Huddart Park, San Francisco Peninsula

“Instruction does much, but encouragement everything.” (Letter to A.F. Oeser, Nov. 9, 1768), Johann Wolfgang von Goethe, Early and Miscellaneous Letters of J. W. Goethe: Including Letters to His Mother. With Notes and a Short Biography

This is a poem by Alan Lowe. You might remember that Alan is the gentleman who – along with Sue Clark, the members of the Poets Club of Lincoln, The Lincoln Library and The Friends of the Lincoln Library – invited readers to submit poems to be considered for the library’s annual poetry contest, no demographic or geographic restrictions, and no entry fee. Details on the 15th Annual Voices of Lincoln Poetry Contest HEREI wanted to introduce you to Alan and what better way to do so than with a poem he wrote? It’s a poem that reminds us of just how vulnerable we can be as school-age youth.

My Special Angel

I’m trembling,
but I don’t know why.
She tells me
I shouldn’t be scared,
but I am.
I want to believe her—
my wonderful, special angel.
She has never let me down,
but this seems different.
I can’t put my finger on it—
it’s so hard to describe.
With dark, black clouds overhead,
gray shadows pervade my world.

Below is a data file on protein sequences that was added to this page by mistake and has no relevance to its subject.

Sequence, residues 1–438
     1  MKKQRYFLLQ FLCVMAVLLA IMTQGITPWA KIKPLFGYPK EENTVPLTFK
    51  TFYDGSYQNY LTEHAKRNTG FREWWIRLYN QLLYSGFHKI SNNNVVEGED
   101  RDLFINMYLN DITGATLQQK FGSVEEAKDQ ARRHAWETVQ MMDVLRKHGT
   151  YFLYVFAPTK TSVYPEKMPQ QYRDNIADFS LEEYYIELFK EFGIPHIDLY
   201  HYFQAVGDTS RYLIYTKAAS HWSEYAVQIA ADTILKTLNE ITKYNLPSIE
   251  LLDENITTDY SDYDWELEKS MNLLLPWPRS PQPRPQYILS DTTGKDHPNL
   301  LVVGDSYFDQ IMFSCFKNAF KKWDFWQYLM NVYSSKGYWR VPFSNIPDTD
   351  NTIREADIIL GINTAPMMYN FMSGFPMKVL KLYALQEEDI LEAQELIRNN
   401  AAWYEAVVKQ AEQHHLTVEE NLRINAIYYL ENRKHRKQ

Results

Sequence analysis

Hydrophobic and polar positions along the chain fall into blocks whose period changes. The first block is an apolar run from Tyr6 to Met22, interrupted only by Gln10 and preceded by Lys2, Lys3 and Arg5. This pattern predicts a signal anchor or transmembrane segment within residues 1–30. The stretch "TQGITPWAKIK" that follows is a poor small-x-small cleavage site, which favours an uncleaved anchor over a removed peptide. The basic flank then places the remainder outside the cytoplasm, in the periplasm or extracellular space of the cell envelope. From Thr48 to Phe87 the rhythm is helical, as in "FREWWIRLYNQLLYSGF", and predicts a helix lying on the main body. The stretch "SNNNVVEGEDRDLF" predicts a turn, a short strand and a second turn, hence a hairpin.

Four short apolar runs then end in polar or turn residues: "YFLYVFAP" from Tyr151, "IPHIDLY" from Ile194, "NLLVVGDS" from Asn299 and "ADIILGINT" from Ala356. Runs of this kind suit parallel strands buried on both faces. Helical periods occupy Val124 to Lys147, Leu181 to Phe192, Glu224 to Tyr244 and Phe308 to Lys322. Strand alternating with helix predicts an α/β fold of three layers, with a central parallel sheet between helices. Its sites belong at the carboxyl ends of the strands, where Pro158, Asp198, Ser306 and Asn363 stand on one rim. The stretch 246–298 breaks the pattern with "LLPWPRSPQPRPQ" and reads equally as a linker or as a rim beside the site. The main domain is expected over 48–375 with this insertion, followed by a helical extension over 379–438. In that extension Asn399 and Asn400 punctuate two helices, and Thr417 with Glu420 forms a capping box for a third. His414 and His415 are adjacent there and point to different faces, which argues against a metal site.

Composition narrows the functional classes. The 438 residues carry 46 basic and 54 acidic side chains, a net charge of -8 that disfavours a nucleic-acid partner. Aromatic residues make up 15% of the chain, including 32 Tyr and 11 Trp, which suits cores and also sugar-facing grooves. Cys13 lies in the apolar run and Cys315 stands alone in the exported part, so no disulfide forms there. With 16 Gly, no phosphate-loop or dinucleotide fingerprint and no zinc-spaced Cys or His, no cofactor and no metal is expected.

Graceful ghostlike figures dance
to a tune I’m unable to hear.
They motion to me to join them,
to become a part of their show.
The trembling gets worse,
tears form in my eyes.
I want to run away
and hide from the things
I don’t understand and can’t explain.
But my angel tells me I must not.
“It’s just part of growing up,”
she declares.
“You have to face your demons,
conquer your fears,
and develop into a strong person.”
“But I’m only twelve-years old,”
I cry out in frustration.
“I know,” she says,
placing her hands on my shoulders,
as she turns to go back
to the front of the classroom.

Copyright © 2016 Alan Lowe. All rights reserved.

ALAN LOWE (The Truth of the Matter Is ….) was born and raised in New York, but has spent over fifty-four years in California, the past seventeen living in Lincoln with his wife, Barbara. Earning a Ph.D. in Educational Psychology/Counseling from UCLA, he spent thirty-nine years working in higher education as a teacher, counselor, and administrator. He retired in 2008. His background in Psychology colors his writing, much of which centers on feelings, perceptions, and how people interact in our complex world. In retirement, he enjoys writing poetry, short stories, and plays. His poetry has placed in contests and has been published in newspapers and periodicals. Three of the plays he has written have been performed under his direction. As a member of the Poets Club of Lincoln, he has served as the Coordinator of the Voices of Lincoln Poetry Contest since 2009. The contest has grown steadily and has become international in scope.


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